Gregor Townsend would be quite happy to be matched with summer opponents Australia, Italy or Fiji in today’s Rugby World Cup 2019 draw in Kyoto.
The new Scotland coach is at home doing his last duty at Glasgow Warriors – attending the club’s annual end of season dinner – while SRU Director of Performance Scott Johnson is representing Scotland at the draw, but Townsend will take an obvious interest in affairs in Japan.
The Scots are in the second band of qualifiers by virtue of them moving up to fifth in the world during 2016 and 2017 and that means they can’t draw fellow second seeds Wales, France or South Africa in their first round group.
They will face one of top seeds New Zealand, England, Australia and Ireland, and Townsend would be happy with the Wallabies.
“That would be great, another thing to look forward to on Wednesday morning,” he said earlier this week. “The World Cup isn’t too far away. Going to Singapore this summer (to play Italy) on the back of going to Japan last year gets our players used to the travel and playing in that part of the world.
“If we do get Australia, we’ve got them in a November test too so we’ll definitely know them pretty well.”
The “pool of death” for this championship will be whichever teams draw Argentina, semi-finalists just two years ago in England and quarter-final qualifiers for the last four World Cups, but who have slipped into the third band of seeded teams in the last few months.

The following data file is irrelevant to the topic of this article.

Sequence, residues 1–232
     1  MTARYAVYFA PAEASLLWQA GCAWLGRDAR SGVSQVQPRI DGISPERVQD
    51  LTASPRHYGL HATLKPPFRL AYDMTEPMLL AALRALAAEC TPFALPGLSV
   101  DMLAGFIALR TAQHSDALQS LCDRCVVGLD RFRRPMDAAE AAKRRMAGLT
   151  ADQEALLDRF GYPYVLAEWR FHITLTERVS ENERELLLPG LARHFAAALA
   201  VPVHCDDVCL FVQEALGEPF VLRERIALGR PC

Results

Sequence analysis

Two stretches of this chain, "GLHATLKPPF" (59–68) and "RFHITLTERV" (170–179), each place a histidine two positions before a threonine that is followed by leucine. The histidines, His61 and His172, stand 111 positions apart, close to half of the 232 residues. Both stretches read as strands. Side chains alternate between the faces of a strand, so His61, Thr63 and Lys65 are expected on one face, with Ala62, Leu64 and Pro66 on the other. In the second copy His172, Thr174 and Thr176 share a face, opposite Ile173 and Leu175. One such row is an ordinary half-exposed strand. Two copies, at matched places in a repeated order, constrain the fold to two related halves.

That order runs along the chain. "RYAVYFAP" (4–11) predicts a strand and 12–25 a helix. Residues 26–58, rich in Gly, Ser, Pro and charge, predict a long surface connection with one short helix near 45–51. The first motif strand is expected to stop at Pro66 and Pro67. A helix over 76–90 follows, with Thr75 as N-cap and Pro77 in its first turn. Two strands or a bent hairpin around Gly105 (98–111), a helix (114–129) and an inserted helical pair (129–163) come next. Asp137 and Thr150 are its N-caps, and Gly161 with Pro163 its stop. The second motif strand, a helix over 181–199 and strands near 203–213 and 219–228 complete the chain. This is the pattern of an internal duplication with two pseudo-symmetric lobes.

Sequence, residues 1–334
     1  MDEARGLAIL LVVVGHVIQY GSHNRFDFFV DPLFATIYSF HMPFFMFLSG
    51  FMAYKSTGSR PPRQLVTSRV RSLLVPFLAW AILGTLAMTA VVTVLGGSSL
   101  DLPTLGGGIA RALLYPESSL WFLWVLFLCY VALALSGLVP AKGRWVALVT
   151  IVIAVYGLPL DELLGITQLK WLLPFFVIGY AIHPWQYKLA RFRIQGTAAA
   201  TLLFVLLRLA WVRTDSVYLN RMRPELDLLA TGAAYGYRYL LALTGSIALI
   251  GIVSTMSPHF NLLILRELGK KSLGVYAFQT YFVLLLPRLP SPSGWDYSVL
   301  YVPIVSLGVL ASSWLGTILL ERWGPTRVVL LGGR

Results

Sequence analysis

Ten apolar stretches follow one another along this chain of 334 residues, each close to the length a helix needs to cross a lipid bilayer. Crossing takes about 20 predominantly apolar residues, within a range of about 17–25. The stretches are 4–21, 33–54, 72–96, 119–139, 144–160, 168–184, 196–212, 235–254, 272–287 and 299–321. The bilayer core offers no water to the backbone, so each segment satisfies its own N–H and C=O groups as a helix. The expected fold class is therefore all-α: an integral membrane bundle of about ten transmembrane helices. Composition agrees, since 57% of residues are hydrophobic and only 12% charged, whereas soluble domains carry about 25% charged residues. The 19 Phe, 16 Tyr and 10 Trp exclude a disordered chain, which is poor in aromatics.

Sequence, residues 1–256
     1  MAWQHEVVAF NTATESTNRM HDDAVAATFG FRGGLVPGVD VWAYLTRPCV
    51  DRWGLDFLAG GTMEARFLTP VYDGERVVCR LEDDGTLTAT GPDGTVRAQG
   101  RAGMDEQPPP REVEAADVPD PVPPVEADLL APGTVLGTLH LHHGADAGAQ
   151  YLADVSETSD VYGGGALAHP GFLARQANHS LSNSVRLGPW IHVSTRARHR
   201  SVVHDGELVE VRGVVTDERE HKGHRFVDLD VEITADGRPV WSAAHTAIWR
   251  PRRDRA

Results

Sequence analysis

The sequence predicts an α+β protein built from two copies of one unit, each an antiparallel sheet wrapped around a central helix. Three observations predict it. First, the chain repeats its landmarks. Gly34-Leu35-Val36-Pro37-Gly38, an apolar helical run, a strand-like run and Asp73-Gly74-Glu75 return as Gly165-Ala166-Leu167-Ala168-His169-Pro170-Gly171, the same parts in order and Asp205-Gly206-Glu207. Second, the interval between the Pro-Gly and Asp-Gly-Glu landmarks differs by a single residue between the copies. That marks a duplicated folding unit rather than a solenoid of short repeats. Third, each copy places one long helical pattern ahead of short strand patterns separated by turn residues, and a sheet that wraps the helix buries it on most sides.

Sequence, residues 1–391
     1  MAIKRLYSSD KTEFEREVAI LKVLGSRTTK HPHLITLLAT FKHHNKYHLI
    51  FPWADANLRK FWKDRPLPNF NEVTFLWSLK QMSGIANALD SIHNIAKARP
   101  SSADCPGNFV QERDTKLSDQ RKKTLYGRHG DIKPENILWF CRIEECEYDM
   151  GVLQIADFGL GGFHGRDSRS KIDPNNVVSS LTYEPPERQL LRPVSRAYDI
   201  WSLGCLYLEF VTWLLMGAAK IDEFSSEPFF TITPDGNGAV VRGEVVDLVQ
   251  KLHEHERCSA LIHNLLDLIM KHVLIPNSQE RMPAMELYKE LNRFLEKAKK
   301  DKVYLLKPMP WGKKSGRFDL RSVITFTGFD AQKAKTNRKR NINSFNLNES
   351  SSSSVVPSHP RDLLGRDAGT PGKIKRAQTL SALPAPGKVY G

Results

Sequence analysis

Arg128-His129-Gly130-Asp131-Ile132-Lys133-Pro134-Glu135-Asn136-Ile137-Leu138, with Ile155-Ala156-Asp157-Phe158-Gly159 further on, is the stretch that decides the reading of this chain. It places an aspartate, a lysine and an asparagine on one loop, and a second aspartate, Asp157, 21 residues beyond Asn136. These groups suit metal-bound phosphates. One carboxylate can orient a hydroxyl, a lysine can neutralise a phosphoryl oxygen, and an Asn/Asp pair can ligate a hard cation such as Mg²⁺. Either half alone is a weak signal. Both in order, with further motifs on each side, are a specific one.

For the Scots, probably a draw of reigning champions New Zealand – still the top No 1 ranked team in the world and with no sign of relinquishing the top slot – the Pumas, Samoa and possibly Tonga would be a worst case scenario, with all three of the potentially dangerous Pacific Islander nations likely to be in the fourth and fifth bands.
Alternatively, the Scots could face Australia, Italy – who they have beaten four times in a row and face in Singapore again this summer – Namibia and the final repechage winner, and would be clear favourites to plot a quarter-final place.
Playing the Wallabies in the World Cup would be a chance for proper revenge for the epic quarter-final defeat at Twickenham in the last tournament in 2015, when Bernard Foley’s last-gasp controversial penalty denied the Scots a shock victory.